Posted on

Number one son, Mark, here ….

Number one son, Mark, here …. Number one son, Mark, here ….

Number one son, Mark, here this week. I’m filling in for Dad as he enjoys

Minnesota Twins spring training in



I started my writing process by asking Dean how many words Dad usually writes for column. Dean said he had no idea of how many words, he just knew it fit perfectly in the space every week. From a newspaper standpoint, Dean made sense. The main point of writing is to fill a spot on a page. For many years, Dad wrote with a steel typewriter and somehow it always fit perfectly on the page every week. Dad has written almost 3,000 columns and probably a million and a half words since starting in the 1960s. He must be figuring out this whole writing and publishing thing.


As you read this, the 40th anniversary of the 1980 US Olympic hockey team’s gold medal performance has passed. That’s right, the big win over the Soviets was closer to the flag raising on Iwo Jima –which happened on almost the same February date–than it is to this moment.

We used the movie Miracle and a trip to the Simek Ice Center to teach a few middle school students how history is remembered in more than just big numbers and names. It lives in our memories and hopefully passes on to others through the stories we tell, write, or even sing. One of the students comes from a family of great builders. He brought the lesson home when he pointed out his grandfather built the ice arena where he was skating.


I was the same age as these kids when the Miracle on Ice happened. Watching Badger hockey games on WHRM was a weekend highlight in my youth. It had me tuned in the first night as the United States took Sweden. Tuesdays are production day at the TRG and I remember calling my parents a few times with game highlights, including Bill Baker’s goal in the final minute.

The opening ceremony was the next day and US wins started happening every few days. It all led to the cold war colossal game against the Soviet Union.

Like any generational moment, we remember little personal details of the moment. The game was played on a Friday afternoon. The country saw it on tape delay in the evening.

Mom was making a rare treat - pizza meatloaf - and we were talking and cooking while the local news update provided a break from the games. The 13-inch black and white screen TV sat on the dishwasher. I was wiping a kettle with a white and red striped towel. If you remember the era, you remember tape delayed sportscasts. I’m guessing it was Randy Allen or Cal Ahlers who led the report by saying, “if you don’t want to see the score, turn down the sound and leave the room.” Then, he revealed the miracle score USA 4, Soviet Union 3.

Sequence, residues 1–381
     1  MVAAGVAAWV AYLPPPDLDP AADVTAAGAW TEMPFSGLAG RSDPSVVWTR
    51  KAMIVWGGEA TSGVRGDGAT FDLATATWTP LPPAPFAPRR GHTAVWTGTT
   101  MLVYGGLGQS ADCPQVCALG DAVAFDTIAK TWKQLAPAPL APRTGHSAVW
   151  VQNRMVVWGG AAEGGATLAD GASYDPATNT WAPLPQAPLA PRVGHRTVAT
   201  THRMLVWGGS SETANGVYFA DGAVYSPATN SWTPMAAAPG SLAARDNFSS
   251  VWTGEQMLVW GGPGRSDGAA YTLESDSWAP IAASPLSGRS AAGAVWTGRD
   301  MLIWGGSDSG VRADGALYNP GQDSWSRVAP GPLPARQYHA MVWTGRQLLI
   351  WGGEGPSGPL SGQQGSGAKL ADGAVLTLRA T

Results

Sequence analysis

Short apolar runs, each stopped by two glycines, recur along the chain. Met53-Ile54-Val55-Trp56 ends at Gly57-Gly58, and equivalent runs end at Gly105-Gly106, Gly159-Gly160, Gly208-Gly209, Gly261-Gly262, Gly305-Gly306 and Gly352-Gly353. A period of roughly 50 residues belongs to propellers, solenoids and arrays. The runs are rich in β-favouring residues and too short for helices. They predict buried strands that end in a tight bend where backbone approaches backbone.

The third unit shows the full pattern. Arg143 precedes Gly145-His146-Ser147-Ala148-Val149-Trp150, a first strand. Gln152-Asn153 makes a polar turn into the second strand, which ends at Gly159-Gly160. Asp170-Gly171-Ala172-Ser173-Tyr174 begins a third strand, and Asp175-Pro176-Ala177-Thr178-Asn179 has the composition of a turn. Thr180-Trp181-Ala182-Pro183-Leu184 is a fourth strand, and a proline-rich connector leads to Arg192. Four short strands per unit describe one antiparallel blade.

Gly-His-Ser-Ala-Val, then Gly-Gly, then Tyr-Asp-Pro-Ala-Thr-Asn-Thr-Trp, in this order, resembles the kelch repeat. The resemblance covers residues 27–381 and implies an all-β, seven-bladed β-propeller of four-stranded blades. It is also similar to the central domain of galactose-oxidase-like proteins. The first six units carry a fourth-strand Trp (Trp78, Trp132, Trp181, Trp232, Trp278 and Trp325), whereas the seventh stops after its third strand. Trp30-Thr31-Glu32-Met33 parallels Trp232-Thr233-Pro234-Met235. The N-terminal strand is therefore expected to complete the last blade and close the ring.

The actual gold medal game was on Sunday morning against Finland. This time, the broadcast was live. I’m not sure what my 10-year-old reasoning was, but it was not enough to convince my parents to skip Sunday school and church that day. We got home at the third period, just in time to see the final U.S. rally.


As I was putting the finishing touches on the Miracle slides, a story in the Minneapolis Star Tribune caught my eye. The story appeared on the eve of the 75th anniversary of the liberation of the Auschwitz death camp. The story told about Eva Moreimi and her efforts to remember the legacy of her parents. Moreimi’s mother, Ica Kellner, was sent to Auschwitz in 1944.

In her determination to survive, Ica began recording the whispered recipes for favorite dishes the women shared as they were starved. The very effort to write those recipes down on stolen scraps of paper was an instant death sentence.

Somehow, she survived and kept her collection of recipes together. Moreimi’s story weaves in by remembering a mother who loved to bake on Saturday mornings. Ica would draw from that collection of recipes and teach the recipe and story of the woman it came from to her daughter. The recipes are now preserved at the national Holocaust Museum in Washington, DC. The story and some of the recipes are in a great book, Hidden Recipes, a Holocaust Memoir.

I mentioned the significance of this year’s Holocaust remembrance date to a fifth grade teacher and we decided to share the big picture and Ica’s herorics to her class.

The numbers are massive–a population the size of modern Dallas, Texas passed through Auschwitz–leaving 7,000 survivors. In all, six million Jews died, and millions more died as Nazi scapegoats. Society must remember those numbers forever. More importantly, as individuals we must learn and pass on stories of people like Ica, and the women who shared their recipes.

As I related Ica’s story to the kids, the teacher asked if my family had any heirloom recipes. I told them our Poor Soup story and could have told them dozens more about Spanky’s breads and hash browns. The lesson I learned that morning was I couldn’t talk about something so important without a memory of the mother who taught me those lessons one pizza meatloaf at a time.